3. Results

The molecular phylogeny (figure 2) reveals the Sulawesi corbiculids to be polyphyletic: the riverine and lacustrine species are neither sister groups nor even closely related but form distantly related clades. Each of these two clades comprises species endemic to Sulawesi and several other populations or species from (mostly mainland) Asia, i.e. neither the riverine nor the lacustrine species from Sulawesi form a monophylum.

Figure 2
Phylogenetic relationships of Sulawesi corbiculids. Maximum-likelihood phylogram, the number groups on branches are, from top, maximum-likelihood (RELL)- and maximum-parsimony bootstrap values and Bayesian Inference posterior probabilities. The asterisk ...

The lacustrine species are a paraphyletic group, as the Lake Poso corbiculids comprise two distinct genetic lineages: in the gene tree, two populations of C. possoensis from the southern part of the lake (figure 1b, P6,7 and figure 2, Poso I) are not closely related to the other lake corbiculids (figure 2, Poso II and Malili), but are sister to a group comprising all other Sulawesi corbiculids and several populations or species from mainland eastern Asia, Japan and Java.

Despite its unique morphological habit, the sessile P. anomioides in Lake Poso does not represent a distinct genetic lineage, but together with some populations of C. possoensis represents a second mtDNA clade (figure 2, Poso II). Within that clade, the genetic distance between anomioides and possoensis is even less than among possoensis (0.33–0.97 versus 0.33–1.30, p-distance in %).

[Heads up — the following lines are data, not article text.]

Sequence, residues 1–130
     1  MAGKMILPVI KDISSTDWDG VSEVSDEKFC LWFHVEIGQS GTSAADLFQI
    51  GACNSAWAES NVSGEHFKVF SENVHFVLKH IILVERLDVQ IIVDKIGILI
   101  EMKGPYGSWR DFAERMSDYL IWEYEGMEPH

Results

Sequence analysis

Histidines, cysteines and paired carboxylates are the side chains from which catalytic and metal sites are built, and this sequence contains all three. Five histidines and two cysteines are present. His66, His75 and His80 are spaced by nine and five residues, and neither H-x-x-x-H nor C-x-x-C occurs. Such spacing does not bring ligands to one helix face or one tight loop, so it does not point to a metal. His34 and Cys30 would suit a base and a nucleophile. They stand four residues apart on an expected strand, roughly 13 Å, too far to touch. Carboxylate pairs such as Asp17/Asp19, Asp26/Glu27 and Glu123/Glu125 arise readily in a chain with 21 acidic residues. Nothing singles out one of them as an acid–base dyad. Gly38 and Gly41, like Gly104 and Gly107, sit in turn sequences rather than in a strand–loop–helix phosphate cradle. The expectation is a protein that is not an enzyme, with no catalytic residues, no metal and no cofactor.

In contrast to the Lake Poso corbiculids, the Malili lake taxa form a monophylum (figure 2, Malili), albeit with low statistical support. Among populations attributed prima facie to the species C. matannensis, we found a strong geographical pattern with three largely allopatric mtDNA clades. In addition to a clade inhabiting Lake Matano and Lake Mahalona, a second clade comprises all studied specimens from Lake Towuti. The latter is sister to a clade comprising one C. matannensis population from Lake Mahalona and C. loehensis from two small satellite lakes adjacent to Lake Towuti.

Genetic distances among the populations of the two endemic riverine species, C. subplanata and C. linduensis, are much lower than those among the lacustrine species within a lake system (0.0 versus 1.4 (Malili) and 1.8 (Poso) within the lake clades, mean p-distances in %), even though the sampling points of the sequenced riverine specimens are widely spread across the island (figures 1a and and2,2, Sulawesi Rivers). Indeed, in C. subplanata only one haplotype is present, which is also shared by a population on Java.

4. Discussion